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It’s Okay to Hate Moby Dick

September 11, 2018

Reading about Moby Dick might be more fun than actually reading Moby Dick.

Classic literature is tough to read sometimes, and a book that gets criticized for this a lot is Moby Dick.  Even though there might be books that are more hated than Moby Dick, it seems to be the standard.  People who don’t read much aren’t familiar with polarizing novels like Infinite Jest or Finnegans Wake, but everybody’s heard of Moby Dick.  Even people who don’t read hate Moby Dick just because of what they’ve heard.

Throughout the course of my life, I’ve been pro-Moby Dick, and I’ve been anti-Moby Dick.  Right now I’m ambivalent about Moby Dick.  It’s best to write about stuff when you’re not feeling too passionate. After all, you need to see both sides of an issue to be fair.  A little passion is necessary for good writing, but too much can make you sound crazy.  I don’t want to sound crazy when I’m talking about literature.

Sometimes I tell myself “I’ll never have to read Moby Dick again,” and I smile.  I mean, I’m capable of reading Moby Dick.  I might decide to challenge myself one final time, and that would be great.  Even if I decide to read Moby Dick again, I probably won’t enjoy the experience. If I read Moby Dick again, I might even hate it.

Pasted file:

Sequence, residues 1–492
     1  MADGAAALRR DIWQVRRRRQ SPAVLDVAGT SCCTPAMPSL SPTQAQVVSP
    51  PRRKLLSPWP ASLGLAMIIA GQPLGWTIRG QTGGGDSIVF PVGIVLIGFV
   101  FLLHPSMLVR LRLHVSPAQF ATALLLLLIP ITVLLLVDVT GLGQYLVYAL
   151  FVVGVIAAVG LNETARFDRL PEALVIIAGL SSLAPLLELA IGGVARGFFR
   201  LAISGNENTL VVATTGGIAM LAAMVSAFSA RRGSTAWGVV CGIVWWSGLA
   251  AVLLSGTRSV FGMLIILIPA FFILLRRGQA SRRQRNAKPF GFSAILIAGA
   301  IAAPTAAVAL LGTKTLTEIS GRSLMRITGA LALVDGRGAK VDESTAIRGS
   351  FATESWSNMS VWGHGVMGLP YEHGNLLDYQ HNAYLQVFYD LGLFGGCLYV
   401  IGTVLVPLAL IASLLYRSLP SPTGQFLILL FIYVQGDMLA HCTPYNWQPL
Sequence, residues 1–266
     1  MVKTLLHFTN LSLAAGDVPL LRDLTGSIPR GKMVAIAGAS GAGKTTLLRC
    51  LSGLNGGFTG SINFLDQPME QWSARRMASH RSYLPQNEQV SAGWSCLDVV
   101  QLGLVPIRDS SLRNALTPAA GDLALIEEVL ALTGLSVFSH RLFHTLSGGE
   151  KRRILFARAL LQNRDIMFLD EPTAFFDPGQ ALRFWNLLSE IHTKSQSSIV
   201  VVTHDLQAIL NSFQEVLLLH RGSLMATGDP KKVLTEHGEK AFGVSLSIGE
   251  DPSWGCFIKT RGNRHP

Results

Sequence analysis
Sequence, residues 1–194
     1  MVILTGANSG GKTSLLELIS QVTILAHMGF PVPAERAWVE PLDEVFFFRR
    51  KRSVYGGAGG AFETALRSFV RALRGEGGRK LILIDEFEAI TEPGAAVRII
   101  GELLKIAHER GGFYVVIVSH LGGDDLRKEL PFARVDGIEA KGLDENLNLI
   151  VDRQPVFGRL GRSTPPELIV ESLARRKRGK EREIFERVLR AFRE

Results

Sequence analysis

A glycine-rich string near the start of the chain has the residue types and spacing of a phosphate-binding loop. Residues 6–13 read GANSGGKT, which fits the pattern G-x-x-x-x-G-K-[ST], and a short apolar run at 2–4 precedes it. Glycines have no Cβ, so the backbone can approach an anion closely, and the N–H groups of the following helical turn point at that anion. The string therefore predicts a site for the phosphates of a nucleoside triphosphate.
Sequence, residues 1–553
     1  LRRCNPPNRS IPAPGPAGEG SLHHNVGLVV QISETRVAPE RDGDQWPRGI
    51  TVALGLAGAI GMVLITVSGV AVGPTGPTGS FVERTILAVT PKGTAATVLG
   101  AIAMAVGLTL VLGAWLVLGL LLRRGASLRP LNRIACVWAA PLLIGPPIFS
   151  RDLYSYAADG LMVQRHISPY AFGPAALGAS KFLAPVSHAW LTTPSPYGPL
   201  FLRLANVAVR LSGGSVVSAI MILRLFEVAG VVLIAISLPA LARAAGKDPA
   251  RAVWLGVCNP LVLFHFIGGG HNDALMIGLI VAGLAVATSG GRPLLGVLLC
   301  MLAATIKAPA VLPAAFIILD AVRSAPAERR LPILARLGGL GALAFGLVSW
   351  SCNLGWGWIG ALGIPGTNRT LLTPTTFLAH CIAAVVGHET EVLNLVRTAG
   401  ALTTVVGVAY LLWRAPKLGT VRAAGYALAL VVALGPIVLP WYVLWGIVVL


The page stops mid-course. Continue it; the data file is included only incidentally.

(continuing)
8 Comments
  1. This made me think about the phenomenon of wanting to read something so I can say I’ve read it – it’s not productive but somehow we feel like we’ve achieved something, or others may think better of us, just because we got through a hefty canonical text. To my mind it’s usually a waste of time.

    Similarly, there’s the debate over whether bookshelves which are on display are for books you’ve read, or books you intend to read (do you have an opinion on that one?). Someone told me that it’s pointless just to hold onto books you’ve read because you may not even remember them anyway, so you’re better off showing off the books you intend to read – a record of aspiration, rather than supposed achievement.

    (In the interests of transparency I’ve not read Moby Dick, and I don’t intend to).

    • Reading a book as a challenge MIGHT be good for the brain (so it might be productive), and I’ve also gotten ego boosts from bragging rights. But the bragging rights were important only when I was younger. Now I don’t care.

      I usually display books if they’re conversation starters. I’m not sure if I’ll display Moby Dick anymore.

  2. I actually loved Moby Dick and could not get through Finnegan’s Wake.

  3. I tried and gave up )

  4. Tbh I know very little of Moby Dick, and I do hope to read it someday without any outside influence.

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